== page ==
- Balance issues. The newly introduced mechanic was not balanced in power level relative to the rest of the format. The most powerful energy-using card, Aetherworks Marvel, was banned from the main Standard format in June 2017, and two energy-producing cards, Attune with Aether and Rogue Refiner, were banned from Standard in January 2018.
- Failure to integrate. Energy interacted largely with itself, not other cards in the game, creating a narrow experience many players did not find fun.
Crowns in Gwent: The First Look
Gwent has several advantages relative to Magic when creating a new resource system. Automatic tracking of resources reduces (but does not eliminate) complexity and mental load. In addition, digital CCGs can change problem cards rather than banning them. Finally, the faction-locked nature of Gwent makes failure to integrate with other cards in the game far less of an issue.
Reduced risks, however, are not eliminated. Even though Gwent can change provision costs or even abilities on Syndicate cards should they prove too powerful, the initial period of oppressiveness would still leave its mark, and there would be no guarantee that the first fix would work. And because Crowns are so tightly linked to the Syndicate through keywords and leader abilities, if Crown-based cards prove weak relative to the metagame, the Syndicate as a faction will see minimal play, which would be an utter disaster for a set release, a key time for any CCG to generate revenue.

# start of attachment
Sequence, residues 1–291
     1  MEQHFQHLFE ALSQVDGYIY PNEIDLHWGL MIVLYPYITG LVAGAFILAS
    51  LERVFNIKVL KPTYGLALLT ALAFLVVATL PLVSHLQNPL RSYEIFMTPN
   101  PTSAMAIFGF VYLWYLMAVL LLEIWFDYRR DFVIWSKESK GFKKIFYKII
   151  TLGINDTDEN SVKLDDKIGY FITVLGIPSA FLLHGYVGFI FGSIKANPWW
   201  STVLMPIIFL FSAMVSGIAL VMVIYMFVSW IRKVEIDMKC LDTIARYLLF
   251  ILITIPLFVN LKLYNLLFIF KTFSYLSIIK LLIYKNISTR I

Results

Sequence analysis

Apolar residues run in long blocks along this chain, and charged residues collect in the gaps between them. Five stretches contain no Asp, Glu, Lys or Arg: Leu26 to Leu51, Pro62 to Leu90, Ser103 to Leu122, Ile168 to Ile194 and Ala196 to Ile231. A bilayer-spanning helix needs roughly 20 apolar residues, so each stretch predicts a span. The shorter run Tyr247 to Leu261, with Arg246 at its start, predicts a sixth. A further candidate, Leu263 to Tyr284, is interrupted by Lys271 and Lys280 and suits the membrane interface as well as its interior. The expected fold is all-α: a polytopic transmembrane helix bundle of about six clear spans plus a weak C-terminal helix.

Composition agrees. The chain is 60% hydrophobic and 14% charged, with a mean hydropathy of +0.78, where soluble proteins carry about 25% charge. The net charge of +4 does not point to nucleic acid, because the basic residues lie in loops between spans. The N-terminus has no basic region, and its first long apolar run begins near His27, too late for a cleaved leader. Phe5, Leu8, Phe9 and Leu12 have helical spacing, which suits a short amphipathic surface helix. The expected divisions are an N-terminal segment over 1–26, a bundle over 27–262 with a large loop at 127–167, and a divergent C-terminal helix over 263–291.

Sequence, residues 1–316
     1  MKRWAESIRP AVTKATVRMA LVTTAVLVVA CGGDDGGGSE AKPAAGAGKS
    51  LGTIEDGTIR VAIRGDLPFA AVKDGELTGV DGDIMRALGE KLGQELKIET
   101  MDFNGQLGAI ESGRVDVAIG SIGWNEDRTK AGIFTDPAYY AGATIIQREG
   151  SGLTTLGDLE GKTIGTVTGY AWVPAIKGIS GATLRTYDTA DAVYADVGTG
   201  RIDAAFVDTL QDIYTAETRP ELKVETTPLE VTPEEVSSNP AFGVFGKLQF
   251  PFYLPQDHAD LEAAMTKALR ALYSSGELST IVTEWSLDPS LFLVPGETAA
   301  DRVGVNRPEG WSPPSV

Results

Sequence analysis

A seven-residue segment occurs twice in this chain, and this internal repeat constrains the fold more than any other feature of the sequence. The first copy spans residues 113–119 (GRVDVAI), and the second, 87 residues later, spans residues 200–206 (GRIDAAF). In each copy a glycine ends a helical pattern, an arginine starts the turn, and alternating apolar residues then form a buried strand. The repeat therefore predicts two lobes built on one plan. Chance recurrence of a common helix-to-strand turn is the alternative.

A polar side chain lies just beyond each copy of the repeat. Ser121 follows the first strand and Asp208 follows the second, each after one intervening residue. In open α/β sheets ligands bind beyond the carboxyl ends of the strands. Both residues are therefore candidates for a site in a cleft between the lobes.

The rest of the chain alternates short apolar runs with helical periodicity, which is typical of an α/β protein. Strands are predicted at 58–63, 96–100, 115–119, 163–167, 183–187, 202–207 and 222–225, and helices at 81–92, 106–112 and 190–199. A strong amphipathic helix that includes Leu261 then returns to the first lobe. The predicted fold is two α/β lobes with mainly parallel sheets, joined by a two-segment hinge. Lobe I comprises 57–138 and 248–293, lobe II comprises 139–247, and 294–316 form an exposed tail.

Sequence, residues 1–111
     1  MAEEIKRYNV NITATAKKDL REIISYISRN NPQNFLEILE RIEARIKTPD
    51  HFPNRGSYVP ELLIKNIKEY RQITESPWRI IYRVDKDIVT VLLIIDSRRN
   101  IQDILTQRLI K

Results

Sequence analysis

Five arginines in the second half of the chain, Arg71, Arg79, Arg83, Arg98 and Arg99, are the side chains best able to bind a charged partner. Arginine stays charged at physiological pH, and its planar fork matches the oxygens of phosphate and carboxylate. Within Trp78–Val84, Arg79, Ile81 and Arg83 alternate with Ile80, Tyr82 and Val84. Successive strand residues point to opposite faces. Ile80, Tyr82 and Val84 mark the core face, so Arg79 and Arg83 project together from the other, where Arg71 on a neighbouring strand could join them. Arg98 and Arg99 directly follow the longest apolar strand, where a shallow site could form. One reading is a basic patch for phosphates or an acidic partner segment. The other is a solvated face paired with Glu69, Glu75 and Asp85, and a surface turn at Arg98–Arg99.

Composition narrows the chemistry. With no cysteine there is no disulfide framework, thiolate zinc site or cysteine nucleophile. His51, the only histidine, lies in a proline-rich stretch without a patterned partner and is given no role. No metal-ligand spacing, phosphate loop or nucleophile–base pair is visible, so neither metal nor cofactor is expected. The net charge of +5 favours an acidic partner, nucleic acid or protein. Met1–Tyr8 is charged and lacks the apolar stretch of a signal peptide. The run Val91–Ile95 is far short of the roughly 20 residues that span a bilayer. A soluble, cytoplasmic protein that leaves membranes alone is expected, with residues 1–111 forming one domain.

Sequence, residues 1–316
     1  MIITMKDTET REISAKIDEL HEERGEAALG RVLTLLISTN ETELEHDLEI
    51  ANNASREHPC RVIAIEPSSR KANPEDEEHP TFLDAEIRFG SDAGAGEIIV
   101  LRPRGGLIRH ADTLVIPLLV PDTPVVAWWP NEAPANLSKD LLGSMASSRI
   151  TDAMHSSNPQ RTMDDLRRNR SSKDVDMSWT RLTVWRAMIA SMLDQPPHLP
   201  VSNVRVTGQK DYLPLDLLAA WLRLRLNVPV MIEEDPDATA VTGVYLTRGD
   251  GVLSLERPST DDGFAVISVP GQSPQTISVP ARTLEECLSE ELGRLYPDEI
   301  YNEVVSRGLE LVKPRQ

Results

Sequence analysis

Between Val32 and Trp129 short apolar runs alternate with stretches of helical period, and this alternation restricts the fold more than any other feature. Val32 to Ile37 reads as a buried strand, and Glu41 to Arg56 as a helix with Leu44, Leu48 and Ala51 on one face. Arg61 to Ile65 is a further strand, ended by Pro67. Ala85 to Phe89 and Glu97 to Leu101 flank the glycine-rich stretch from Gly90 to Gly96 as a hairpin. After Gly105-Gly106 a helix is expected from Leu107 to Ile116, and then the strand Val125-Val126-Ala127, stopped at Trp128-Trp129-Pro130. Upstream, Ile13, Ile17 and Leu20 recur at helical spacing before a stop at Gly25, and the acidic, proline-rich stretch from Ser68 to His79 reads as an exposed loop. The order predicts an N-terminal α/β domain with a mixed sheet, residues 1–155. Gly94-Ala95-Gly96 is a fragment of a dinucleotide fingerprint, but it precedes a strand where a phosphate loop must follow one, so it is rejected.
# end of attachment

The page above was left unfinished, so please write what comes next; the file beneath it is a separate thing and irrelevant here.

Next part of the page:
Last but far from least, this is not a scenario where a game with an existing mana-like resource system is adding another. CD Projekt Red is adding a resource system to a game that did not have one previously and was balanced around not having such a resource system at all. Precedent for such a move is scant at best. The lack of a resource system, and as a result the ability to play one's strongest cards first if so desired, was a major way Gwent separated itself from its peers. Thanks to the Novigrad expansion, this is no longer universally true.
In creating a new faction with a never-before-seen resource system, CD Projekt Red is making two big, risky moves with Gwent at the same time. While the Syndicate has distinguished itself through lore and gameplay mechanics, those same mechanics, revolving around the brand-new resource system of crowns, risk imbalancing Gwent. With crowns tied so deeply to the Syndicate's leaders and the faction's overall identity, a failure on launch would be difficult to recover from.
As a fan of Gwent, I hope CD Projekt Red can meet the compound challenge set by the design choices made. The history of CCG design, alas, suggests otherwise.